Anyone in the trenches of co-parenting knows there are many opportunities for error, miscommunication, and hurt feelings. Even if you are able to handle them in stride you may feel the need for a gut check. There is not an easy recipe for co-parenting whether it is the most amicable divorce or a parallel parenting approach.
Let’s start by defining the big trouble-spots and also exploring an alternative and cost-effective way to counter these issues with the coParenter app:
1. Not Being on the Same Team
We could insert some sort of sports analogy here but the point of this is to maintain the focus on the health and wellbeing of the children. If you and your ex can make this paradigm shift in thinking, move past the pain/hurt, you will be well down the correct path for a strong co-parenting partnership.
Don’t dwell on the past. Accept that disagreements will occur and work through them. You may be on the same team but you are going to parent in your own way, accept that about each other.
All of this said, issues will occur. We know this. Chances are you both know how to push each other’s ‘buttons’. Before escalating things to a court case and months of drama, consider there may be another way. If you haven’t already discovered the power of our app, download it and give it a try for 30-days free of charge. When issues pop up you can use the help of a coParenter Professional from the palm of your hands to resolve whatever issue you may be struggling with ultimately saving you time and money.
2. Not Organized and Very Little Communication
Communication wires get crossed between married couples, never mind between well-intended co-parents. We realize there are a lot of moving parts with raising a family across two separate homes, there lies the need to make sure calendars are in-synch and plans are over-communicated. If you aren’t organized and don’t have good communication, then things tend to slip through the cracks and tensions can rise.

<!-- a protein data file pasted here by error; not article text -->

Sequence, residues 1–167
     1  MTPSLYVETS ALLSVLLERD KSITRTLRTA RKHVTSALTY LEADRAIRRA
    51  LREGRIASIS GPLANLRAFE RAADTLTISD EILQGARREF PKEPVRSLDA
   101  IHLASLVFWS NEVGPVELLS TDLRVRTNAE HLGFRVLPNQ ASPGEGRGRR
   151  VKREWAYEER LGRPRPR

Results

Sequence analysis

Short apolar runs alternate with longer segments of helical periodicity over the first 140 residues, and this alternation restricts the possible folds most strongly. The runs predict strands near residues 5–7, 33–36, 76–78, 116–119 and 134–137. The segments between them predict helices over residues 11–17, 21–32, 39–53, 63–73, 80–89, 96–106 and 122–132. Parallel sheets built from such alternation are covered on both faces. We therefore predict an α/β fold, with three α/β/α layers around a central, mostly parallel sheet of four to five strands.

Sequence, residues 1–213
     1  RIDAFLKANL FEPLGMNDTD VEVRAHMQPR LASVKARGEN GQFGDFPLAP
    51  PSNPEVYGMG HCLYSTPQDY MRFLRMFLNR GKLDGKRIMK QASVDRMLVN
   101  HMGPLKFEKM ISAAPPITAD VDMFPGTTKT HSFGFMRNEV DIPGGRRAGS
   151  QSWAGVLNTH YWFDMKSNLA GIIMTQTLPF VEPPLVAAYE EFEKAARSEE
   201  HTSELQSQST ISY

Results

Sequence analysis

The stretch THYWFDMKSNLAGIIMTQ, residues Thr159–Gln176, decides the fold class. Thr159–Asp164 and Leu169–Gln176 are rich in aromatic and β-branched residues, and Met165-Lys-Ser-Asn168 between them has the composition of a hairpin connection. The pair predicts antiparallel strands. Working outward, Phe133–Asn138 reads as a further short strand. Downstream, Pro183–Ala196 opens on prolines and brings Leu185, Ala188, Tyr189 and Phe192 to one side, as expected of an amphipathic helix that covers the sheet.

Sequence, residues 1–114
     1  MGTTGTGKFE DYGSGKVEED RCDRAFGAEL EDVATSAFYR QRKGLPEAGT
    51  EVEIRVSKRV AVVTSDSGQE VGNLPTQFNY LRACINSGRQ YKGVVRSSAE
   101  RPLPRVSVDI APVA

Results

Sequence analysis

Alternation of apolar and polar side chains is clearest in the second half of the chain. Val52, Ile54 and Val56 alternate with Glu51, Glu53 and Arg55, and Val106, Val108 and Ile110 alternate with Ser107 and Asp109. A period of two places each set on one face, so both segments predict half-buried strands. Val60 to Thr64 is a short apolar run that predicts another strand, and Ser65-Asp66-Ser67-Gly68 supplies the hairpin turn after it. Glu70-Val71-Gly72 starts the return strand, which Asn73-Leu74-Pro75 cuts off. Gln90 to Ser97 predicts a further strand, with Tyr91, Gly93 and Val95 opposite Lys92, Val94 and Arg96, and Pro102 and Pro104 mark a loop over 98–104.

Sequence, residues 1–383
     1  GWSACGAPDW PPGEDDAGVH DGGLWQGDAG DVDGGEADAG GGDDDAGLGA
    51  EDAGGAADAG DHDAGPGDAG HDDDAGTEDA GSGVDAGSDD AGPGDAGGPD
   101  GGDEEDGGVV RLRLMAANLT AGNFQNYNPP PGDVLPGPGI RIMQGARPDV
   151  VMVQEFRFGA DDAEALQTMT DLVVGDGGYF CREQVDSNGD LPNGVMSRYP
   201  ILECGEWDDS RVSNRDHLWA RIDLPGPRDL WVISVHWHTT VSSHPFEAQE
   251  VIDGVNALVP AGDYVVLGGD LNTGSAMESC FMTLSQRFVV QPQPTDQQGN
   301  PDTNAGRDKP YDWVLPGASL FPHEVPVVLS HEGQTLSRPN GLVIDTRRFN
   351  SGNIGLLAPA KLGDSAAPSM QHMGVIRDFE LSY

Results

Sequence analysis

coParenter offers organizational tools that allow you to create a shared co-parenting family plan that allows you to draft holiday and vacation schedules and also expenses on the fly and once you both sign off on them they will be documented in the app.
3. Not Being Kind
Be kind to yourself. Be kind to your kids and be kind to your ex. Most of the time it means taking a moment or at least a deep breath before answering that snarky text message coming through from your ex. Or, turning a blind eye/ear to the kids when they appear to be acting out. At the very least you will need to adapt your tone and approach to keep situations in check.
There are immense amounts of stress involved in divorce, separation and restructuring your family into two households. All of a sudden, there are twice the moving parts and it’s easy for emotions to get turned up to full blast. We know this all too well, that’s why we have added language filters that prompt you when messaging with your co-parent in our app.
Being kind to yourself involves taking care of yourself, having friends and/or a therapist you can open up too. The same goes for your kids. They need a regular predictable schedule. Regular family time, time with their friends and check in with them often. Being kind to your ex pays back in dividends because over time it will be a two-way road (you’d hope).
Most of all, keep it on a positive note. Whether or not you realize it you are teaching your child valuable lessons about grit, perseverance, finding common ground and how to get along with others even if you don’t agree on everything. These are huge lessons and they are learning through your actions and the actions of your ex.